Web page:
The Fisher College of Business’s Risk Institute provides unique opportunities for undergraduate students to gain valuable experience. Whether it be through case-competitions or networking events with top level executives, Fisher students are able to connect and learn about applications of risk for a variety of careers.
Luis Garcia-Fuentes, a recent Accounting and Finance graduate of Fisher, spoke with Fisher Ink on the opportunities presented when he was an undergraduate student: “We completed a wide range of case work on a national level. Two clients for our case competitions included PayPal and UPS. Altogether, the Risk Institute gave a lot of opportunities for research and there are multiple networking opportunities throughout the year.” According to Garcia-Fuentes, students are capable of getting real experience and learning essential skill sets such as regression modeling for the consulting world.
A valuable takeaway for Garcia-Fuentes was “when you are trying to solve the equation, something is always changing. While this is all very abstract, the case competitions help prepare you for solving problems in the real world. It allows you to learn to be adaptable and work in this (consulting) environment.” Garcia-Fuentes’ experience with case studies demonstrate the unique skill set needed in consulting.
The Risk Institute offers a speaker series as well where students are able to interact with top level executives posed with risk challenges in their existing businesses. Companies such as Abbott, Nationwide, EY, State Auto, and many other connect with students though the speaker series. Sarah Cox, Communications Manager for the Fisher College of Business, mentioned the speaker series bridging the gap between academia and practical application.
“A number of generous partner’s pair up with our academic faculty to work to answer questions we might have about Risk. We work with researchers and help facilitate that process to provide the best answers to their challenges. That way, they can really put this into practice. It’s a really beautiful cycle of practical research and application,” says Cox. She further elaborated on the collaboration across experience levels. Like Garcia-Fuentes in years past, the Risk Institute is focused on integrating undergrads into the conversation.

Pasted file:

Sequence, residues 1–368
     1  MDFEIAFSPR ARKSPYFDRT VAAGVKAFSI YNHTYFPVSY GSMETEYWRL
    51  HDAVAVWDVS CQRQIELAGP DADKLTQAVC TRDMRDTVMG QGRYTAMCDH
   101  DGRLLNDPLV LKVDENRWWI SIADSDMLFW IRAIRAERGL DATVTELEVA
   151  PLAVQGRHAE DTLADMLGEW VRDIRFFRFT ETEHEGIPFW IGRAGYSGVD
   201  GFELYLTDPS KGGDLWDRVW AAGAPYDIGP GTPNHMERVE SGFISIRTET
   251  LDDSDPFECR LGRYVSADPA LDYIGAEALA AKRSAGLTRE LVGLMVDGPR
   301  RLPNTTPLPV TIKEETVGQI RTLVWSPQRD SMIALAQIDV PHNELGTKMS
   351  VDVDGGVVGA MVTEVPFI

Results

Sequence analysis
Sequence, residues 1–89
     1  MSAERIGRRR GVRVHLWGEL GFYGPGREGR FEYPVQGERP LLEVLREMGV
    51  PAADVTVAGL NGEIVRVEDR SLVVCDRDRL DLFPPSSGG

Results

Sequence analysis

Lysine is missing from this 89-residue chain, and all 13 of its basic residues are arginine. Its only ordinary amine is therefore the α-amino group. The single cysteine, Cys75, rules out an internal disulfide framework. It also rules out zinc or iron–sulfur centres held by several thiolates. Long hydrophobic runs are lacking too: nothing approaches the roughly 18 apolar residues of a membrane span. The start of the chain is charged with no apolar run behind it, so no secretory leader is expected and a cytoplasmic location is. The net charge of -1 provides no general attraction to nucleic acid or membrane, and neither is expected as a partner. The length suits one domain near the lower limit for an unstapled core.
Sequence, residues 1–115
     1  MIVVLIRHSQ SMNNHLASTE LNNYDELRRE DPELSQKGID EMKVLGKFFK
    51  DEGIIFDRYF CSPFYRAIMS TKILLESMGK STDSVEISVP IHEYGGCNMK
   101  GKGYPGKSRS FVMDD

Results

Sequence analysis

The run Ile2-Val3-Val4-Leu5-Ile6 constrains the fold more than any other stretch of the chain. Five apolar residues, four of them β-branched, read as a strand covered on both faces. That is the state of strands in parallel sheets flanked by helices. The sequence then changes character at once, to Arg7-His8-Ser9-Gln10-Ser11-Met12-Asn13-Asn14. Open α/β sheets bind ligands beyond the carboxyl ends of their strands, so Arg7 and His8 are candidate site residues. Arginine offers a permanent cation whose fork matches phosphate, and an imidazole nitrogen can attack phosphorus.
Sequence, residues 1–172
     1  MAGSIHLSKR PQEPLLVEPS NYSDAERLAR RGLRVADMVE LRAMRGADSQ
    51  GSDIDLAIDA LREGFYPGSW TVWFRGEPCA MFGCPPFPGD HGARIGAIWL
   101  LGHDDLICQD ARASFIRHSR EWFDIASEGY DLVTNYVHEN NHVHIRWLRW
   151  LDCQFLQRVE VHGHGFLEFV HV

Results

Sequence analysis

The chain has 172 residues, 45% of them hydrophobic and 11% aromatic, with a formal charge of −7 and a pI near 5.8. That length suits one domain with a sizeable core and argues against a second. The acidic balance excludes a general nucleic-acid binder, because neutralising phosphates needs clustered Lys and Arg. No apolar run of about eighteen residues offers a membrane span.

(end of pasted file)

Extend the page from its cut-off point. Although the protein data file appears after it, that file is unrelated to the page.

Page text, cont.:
In September, the kicked off the distracted driver initiative. Though the project began in February, students were able to attend along with policy makers, auto insurers, and data analytics gurus. The goal is to facilitate conservation on safety in hopes of making autonomous vehicles a reality one day.
“We have a lot of students interested in risk during a time period with an evolving field,” says Cox. To her knowledge, many of the workforce’s risk practitioners will be retiring in the next five years. “People focused on risk during their undergraduate journey have a strong opportunity to reach senior management within the next seven years.”
Students have the opportunity to join the Risk Management Association and Gammi Iota Sigma, two organizations which focus on increasing student engagement with the Risk Institute.
In addition to the case competitions mentioned by Garcia-Fuentes, students can engage in business simulations. The events take place over the course of a semester. Students will receive access to real world data and will bounce their ideas off of executives at the firm. By the end of the semester, students will them present their findings to the problem before a team of judges represented by the firm. “It is a really great experience,” says Cox. “The students are working with real executives. They are right there will them on the call if they need help for a problem.”
The Risk Institute offers a range of opportunities form case competitions to networking events for undergraduate students. Their focus is building connections within and outside the university for a range of parties involved. Garcia-Fuentes and many others are just the beginning of pairing undergrads with real world application at the Fisher College of Business.